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  31. There was a time in Ranchi, the Adivasi's were treated like lepers and worse than inhumans. The treatment has changed but not the mindset. Our culture is hypocritical when they teach us about secularism and in the same breath, keeps the adivasi kids away from the schools there the thakur kids go. Well written !!

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  32. Beautiful Cynthia. More power to your words. Very moving, and indeed a reality to very many people

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  33. Thank you, Vinita, I consider that a big, big compliment. Next to writing something that appeals to oneself, is the appreciation from people whose writing one also respects.

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  34. Yes, Afshan, the state of tribals in our country is perhaps the sorriest of all. They are forgotten completely.

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  35. Thank you for being the voice of those whose voice isn't heard in India. Impressive take on the challenge!

    Damyanti Co-host, A to Z Challenge 2014

    Twitter: @damyantig
    #atozchallenge

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  36. Hi, Jaibala, exactly, no matter how good we are in all other respects, this one thing we are all guilty of. We are all leading good lives at the expense of others.

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  37. Suzy, depends on our definition of progress, I guess. If development is what constitutes progress, along with new inventions, and conveniences, then we have. But if progress means sustainable development, then we have a very poor score indeed.

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  38. Dagny, mi amiga, I am so happy to hear you say that. So glad you liked it. Muchas gracias!

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  39. Hi, Karan, welcome to my space, and thank you very much.

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  40. Hi, Pooja, Yes, we are. They don't have food to eat, and we have the latest gadgets.

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  41. Rekha, you met a group of tribals. Do share your experiences. I'd love to hear about it.

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  42. Thank you for your words of appreciation. Rama, imagine how much darker their lives are. How miserable they must be feeling at not being able to give their children even the bare necessities.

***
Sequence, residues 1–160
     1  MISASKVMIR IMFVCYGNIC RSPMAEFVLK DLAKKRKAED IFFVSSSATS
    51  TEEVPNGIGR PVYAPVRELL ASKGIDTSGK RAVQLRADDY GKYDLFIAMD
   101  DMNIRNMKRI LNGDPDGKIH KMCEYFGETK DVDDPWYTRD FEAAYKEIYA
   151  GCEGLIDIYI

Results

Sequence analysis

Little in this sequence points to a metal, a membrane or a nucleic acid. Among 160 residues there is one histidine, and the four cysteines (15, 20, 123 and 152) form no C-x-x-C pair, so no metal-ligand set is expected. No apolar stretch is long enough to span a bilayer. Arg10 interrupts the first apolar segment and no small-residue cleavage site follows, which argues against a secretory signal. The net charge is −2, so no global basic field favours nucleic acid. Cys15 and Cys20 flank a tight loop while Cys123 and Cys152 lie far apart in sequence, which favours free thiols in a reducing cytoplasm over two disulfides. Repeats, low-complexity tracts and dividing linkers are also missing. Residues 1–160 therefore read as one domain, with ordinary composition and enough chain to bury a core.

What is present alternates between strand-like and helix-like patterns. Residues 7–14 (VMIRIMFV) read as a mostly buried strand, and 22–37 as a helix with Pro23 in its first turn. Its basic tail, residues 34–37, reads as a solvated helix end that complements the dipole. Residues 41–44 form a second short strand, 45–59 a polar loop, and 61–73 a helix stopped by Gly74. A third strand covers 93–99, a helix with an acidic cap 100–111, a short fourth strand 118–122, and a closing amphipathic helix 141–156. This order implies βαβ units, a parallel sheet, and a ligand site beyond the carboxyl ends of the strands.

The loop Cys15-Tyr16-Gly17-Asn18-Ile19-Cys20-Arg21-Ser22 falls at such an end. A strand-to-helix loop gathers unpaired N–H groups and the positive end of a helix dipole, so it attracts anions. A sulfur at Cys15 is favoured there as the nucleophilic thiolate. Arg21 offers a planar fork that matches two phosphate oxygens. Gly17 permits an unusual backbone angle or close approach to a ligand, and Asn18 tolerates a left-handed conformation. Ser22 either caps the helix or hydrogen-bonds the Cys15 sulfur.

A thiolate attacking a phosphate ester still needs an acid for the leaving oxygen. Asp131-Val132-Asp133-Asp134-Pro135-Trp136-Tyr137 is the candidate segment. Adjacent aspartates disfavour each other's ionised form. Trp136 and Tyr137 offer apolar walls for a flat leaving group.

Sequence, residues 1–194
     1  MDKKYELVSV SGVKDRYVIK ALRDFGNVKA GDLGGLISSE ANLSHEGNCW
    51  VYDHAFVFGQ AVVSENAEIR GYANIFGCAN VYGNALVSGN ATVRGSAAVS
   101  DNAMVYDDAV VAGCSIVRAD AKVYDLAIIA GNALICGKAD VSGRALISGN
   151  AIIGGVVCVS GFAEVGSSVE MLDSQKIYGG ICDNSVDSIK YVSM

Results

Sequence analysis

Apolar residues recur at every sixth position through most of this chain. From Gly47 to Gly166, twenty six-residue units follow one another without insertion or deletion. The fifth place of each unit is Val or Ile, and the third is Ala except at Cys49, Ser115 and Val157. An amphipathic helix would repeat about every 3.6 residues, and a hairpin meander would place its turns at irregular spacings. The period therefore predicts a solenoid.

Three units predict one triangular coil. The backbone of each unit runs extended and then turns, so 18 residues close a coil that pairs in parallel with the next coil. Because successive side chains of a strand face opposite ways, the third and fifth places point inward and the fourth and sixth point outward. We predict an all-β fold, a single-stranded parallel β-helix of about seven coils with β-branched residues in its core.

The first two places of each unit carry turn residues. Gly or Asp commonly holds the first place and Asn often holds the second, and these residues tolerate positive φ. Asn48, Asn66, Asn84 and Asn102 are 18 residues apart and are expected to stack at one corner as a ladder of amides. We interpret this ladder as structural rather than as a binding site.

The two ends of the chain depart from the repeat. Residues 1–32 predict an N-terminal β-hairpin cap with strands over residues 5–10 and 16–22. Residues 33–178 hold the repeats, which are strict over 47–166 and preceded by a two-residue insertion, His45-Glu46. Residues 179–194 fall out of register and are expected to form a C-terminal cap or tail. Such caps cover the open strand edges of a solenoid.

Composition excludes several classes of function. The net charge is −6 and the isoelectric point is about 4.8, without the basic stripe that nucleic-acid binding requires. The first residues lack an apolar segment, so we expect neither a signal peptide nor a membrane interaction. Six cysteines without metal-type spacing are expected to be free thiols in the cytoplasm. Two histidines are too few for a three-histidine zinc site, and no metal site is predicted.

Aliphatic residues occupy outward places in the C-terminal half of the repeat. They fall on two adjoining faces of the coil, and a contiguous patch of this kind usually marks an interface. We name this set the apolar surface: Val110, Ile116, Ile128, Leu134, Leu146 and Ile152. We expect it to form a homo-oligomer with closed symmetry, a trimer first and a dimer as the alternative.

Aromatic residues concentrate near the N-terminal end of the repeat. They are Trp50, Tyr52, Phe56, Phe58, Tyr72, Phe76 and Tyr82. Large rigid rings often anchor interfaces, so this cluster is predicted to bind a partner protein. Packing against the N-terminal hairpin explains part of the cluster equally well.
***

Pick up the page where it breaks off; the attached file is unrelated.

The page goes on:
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  43. I guess you are right, Lizzi, It is only a matter of time before they begin to rally together and fight for their rights. I hope their struggle is successful.

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  44. Thank you for your words of appreciation, Gail.

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  45. Hi, Rubina, You said it perfectly. The treatment has changed, but our attitude towards them is no better than it used to be.

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  46. Thank you, Nischala, we need to give these voiceless people a voice, don't we?

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  47. Thank you, Damyanti, for this super challenge, and the opportunity to express ourselves.

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  48. you express so well... it is truly sad that the plight of the tribal people are not taken care into..

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  49. Thank you, simple girl, the tribal people are truly the marginalised of our country, because no one even speaks of them.

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  50. Gosh Cynthia! I wonder how I missed out reading your blog yesterday. It really is shameful what position and power can do to an entire community of simpletons. Thanks for bringing this out in the open with brtual honesty.

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  51. This brought tears to my eyes. It could easily have been written by a Native American. (to our lasting shame)

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    Replies
    1. Sandra, India too has a vast number of aboriginal people who are treated as third-grade citizens. They live and die without basic rights, and are deprived of education, electricity, medical care. A large number of them die of malnutrition and hunger.